To be honest, what truly caught me this time was the sense of dread that Skinner and Doggett brought to the table. Perhaps it is easy for us to see why Skinner would be so strongly affected...he would never get the chance to show Mulder that he had finally believed. But make no mistake...Doggett was equally, if not more, personally invested in the desire to find Mulder alive.

Doggett continues to walk the line between skepticism and the ability to cross that line into the realm of extreme possibilities. I am not sure that Doggett called in Agent Reyes for the reasons he suggested. Although his tone with Scully, when supporting the notion of a lethal UFO cult, was entirely sincere, he seemed to acknowledge that Reyes had other talents to bring to the table. Talents, that I believe, he came to respect on a very personal level.

For just a moment, I would like to applaud the natural and logical means by which Doggett's history was revealed. 1013 has always said that Doggett's past would be revealed when the time was right. I truly believe that this was the time. Sure, they could have revealed the loss of his son earlier than this, but would it have so clearly outlined Doggett's motivation, and his empathy with Scully? Of course not.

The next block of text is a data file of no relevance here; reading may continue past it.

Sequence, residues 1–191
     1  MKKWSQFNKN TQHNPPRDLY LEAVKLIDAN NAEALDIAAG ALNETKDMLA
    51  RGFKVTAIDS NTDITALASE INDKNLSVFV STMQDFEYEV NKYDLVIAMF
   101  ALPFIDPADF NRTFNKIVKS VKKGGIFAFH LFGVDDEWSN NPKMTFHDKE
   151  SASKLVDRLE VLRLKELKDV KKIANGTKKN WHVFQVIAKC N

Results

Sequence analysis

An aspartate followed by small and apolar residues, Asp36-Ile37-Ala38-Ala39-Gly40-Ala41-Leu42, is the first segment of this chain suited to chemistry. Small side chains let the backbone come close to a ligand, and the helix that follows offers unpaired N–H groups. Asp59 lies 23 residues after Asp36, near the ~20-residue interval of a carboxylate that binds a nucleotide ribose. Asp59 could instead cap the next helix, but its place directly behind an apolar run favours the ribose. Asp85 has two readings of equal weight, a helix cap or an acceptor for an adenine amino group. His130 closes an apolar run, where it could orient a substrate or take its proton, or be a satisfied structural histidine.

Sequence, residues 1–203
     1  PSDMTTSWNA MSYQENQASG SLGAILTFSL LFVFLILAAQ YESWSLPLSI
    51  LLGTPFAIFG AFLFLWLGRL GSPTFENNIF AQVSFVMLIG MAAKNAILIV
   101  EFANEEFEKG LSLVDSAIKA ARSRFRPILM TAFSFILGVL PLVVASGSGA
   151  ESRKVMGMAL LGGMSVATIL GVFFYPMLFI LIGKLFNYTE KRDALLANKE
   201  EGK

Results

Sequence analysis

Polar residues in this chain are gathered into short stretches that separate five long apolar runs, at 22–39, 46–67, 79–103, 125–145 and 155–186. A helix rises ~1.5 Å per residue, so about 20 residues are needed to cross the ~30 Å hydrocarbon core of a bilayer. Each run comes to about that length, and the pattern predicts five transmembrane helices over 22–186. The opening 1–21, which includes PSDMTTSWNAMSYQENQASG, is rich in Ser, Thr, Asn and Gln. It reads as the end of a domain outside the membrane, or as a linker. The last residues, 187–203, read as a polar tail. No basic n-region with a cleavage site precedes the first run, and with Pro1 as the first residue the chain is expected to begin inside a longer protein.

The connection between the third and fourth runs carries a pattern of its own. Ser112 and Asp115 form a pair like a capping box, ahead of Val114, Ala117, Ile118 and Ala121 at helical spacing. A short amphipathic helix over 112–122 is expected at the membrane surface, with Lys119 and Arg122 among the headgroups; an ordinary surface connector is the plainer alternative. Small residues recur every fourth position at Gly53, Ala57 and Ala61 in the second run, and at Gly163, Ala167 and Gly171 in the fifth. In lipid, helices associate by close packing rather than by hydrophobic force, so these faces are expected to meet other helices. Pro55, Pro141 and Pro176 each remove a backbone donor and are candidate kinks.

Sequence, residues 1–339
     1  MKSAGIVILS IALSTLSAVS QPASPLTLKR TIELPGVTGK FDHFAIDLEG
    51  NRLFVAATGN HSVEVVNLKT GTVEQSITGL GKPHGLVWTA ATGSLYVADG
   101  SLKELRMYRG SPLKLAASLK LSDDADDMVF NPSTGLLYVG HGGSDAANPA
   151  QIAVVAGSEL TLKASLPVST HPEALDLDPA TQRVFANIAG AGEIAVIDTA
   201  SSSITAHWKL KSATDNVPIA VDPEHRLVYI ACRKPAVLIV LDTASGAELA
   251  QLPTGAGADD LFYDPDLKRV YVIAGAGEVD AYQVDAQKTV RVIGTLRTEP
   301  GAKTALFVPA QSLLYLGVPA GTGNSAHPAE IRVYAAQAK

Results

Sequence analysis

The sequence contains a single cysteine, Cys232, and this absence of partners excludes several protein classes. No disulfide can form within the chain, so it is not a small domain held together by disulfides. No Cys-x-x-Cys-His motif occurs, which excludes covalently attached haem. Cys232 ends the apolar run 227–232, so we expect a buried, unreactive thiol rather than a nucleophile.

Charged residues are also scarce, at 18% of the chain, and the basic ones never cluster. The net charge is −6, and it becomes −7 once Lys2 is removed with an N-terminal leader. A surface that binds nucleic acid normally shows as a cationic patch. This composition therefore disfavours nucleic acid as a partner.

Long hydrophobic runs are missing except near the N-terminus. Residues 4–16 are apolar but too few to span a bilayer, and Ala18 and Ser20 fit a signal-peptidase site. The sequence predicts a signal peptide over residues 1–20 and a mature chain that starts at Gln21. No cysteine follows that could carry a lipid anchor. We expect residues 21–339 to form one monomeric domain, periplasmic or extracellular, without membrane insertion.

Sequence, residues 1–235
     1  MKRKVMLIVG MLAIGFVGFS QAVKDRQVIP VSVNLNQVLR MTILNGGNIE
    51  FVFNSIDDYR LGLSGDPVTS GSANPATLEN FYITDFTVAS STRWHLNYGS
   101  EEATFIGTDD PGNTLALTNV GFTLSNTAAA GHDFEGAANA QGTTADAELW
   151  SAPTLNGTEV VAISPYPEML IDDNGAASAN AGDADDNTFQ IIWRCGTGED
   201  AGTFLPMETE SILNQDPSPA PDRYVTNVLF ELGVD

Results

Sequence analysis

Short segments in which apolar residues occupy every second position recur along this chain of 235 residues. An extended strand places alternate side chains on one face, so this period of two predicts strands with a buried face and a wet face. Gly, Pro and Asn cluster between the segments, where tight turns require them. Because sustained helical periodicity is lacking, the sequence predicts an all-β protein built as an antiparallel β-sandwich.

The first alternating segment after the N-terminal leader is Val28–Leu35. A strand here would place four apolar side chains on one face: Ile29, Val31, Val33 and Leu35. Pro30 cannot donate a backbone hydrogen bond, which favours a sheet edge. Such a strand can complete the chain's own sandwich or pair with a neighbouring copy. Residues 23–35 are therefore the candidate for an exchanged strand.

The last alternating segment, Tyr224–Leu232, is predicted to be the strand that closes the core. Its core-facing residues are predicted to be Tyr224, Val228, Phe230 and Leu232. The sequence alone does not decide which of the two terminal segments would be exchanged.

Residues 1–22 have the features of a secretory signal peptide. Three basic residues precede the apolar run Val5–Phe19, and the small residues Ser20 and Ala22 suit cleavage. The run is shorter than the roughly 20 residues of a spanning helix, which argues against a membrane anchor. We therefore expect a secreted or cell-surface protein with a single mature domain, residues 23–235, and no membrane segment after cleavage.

The introduction of Agent Monica Reyes also follows up on the hints that Doggett's son was the victim of a child abduction related to some kind of satanic or ritualistic cult. I see Doggett as a man who once might have believed in something more, only to wholly reject it in the face of a completely human evil.

I think that this should lay to rest any comparisons between Doggett's past and Mulder's past. The real rapport was always meant to be with Scully, and it was always meant to be solely on Doggett's part.